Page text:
The Shepherd's Dog

Album Review of The Shepherd's Dog by Iron & Wine.

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The Shepherd's Dog

Iron & Wine

The Shepherd's Dog by Iron & Wine

Release Date: Sep 25, 2007
Record label: Sub Pop
Genre(s): Indie, Rock, Folk

90 Music Critic Score
How the Music Critic Score works

The Shepherd's Dog - Excellent, Based on 3 Critics

Sputnikmusic - 90
Based on rating 4.5/5
90

Review Summary: Proof that Sam Beam is a genius and not just some guy who made a great album in his bedroom.The last time we heard from Iron and Wine in the LP format was in 2004, with the second album for Sam Beam and friends, Our Endless Numbered Days. That's not to say that they haven't been busy in those three years. In fact, Beam and co have released no less than three EPs since 2004, most notably Woman King and the Calexico collaboration, In the Reins.

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Dusted Magazine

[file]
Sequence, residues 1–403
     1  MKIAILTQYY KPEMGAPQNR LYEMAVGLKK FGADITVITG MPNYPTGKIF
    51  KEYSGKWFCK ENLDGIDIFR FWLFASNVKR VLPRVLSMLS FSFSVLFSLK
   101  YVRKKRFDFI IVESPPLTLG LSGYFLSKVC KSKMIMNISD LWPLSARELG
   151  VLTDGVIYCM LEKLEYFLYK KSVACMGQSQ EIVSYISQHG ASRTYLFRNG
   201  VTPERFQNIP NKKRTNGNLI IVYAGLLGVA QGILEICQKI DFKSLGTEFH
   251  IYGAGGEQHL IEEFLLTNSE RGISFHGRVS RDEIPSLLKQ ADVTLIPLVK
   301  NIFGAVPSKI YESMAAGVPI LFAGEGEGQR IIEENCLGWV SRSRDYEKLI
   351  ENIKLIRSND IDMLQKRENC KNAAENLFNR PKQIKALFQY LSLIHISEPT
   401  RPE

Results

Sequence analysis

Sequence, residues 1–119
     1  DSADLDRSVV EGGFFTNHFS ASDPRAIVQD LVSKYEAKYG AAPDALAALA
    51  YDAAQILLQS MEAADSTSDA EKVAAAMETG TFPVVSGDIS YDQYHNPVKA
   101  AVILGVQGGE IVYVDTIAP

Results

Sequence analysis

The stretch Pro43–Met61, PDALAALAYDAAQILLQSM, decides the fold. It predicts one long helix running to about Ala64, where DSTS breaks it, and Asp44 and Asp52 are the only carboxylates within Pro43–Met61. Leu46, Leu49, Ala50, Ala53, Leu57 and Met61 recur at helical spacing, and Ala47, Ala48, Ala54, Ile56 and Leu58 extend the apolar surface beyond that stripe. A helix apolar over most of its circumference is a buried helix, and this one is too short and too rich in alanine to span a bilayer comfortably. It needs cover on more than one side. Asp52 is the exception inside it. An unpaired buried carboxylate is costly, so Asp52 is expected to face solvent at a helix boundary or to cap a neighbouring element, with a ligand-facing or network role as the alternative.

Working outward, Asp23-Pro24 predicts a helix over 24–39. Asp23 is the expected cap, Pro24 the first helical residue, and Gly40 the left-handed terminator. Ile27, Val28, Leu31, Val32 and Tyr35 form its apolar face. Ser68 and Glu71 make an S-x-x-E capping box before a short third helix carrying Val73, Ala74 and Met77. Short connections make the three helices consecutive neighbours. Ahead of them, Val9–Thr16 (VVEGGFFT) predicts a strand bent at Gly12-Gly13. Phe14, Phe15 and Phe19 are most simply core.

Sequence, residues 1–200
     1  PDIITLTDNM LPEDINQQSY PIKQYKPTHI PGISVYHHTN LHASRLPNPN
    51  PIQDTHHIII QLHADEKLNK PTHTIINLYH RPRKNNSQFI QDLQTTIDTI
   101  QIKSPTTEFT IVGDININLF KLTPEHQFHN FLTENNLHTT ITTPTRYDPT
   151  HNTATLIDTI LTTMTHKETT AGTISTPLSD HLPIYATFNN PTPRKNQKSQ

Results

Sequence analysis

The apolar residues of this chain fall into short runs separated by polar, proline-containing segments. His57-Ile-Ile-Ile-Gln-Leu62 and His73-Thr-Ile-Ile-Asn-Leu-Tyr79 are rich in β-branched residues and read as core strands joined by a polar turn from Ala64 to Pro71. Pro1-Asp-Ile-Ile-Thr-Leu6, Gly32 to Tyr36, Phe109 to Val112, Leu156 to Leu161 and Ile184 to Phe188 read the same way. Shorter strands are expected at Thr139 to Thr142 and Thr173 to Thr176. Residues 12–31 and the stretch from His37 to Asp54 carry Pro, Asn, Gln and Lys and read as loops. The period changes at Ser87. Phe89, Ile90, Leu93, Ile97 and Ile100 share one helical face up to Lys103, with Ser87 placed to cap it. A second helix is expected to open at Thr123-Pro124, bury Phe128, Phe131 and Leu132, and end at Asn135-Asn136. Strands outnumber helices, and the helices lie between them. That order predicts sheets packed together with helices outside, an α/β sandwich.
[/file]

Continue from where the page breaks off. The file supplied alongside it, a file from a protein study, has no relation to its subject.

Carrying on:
Their review was generally favourable

The first four bars of The Shepherd’s Dog reveal as much about Iron and Wine’s latest record as they do the entire scope of Sam Beam’s creative output to date. A hollow guitar riff winds along metallically, as if being heard from the headphones of a brisk passerby, or the scattered mid-range of a forgotten AM radio speaker. The accompanying chatter of drumsticks clapping together in syncopation is so quaint that the intro to opener “Pagan Angel and a Borrowed Car” sounds like a tribute to Beam’s debut The Creek Drank the Cradle crammed into 15 seconds.

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Austin Chronicle
Their review was generally favourable

Sam Beam's work has often carried apocalyptic undertones, a dire biblical portent couched in the intimacy of his calming verses and hovering disconsolately behind wearily nostalgic narratives and augural allusions. The Shepherd's Dog almost inverts the approach, discordant textures usurping the album and leaving the traces of Beam's elegant subtlety shored only against the ruins of cryptic phrases in the rupture of rapture. Though the LP culminates a clear progression for Beam, Iron & Wine coalescing since 2005's Woman King into a band secure enough to experiment, the barrage of instrumentation and effects do little to advance the songs on The Shepherd's Dog.

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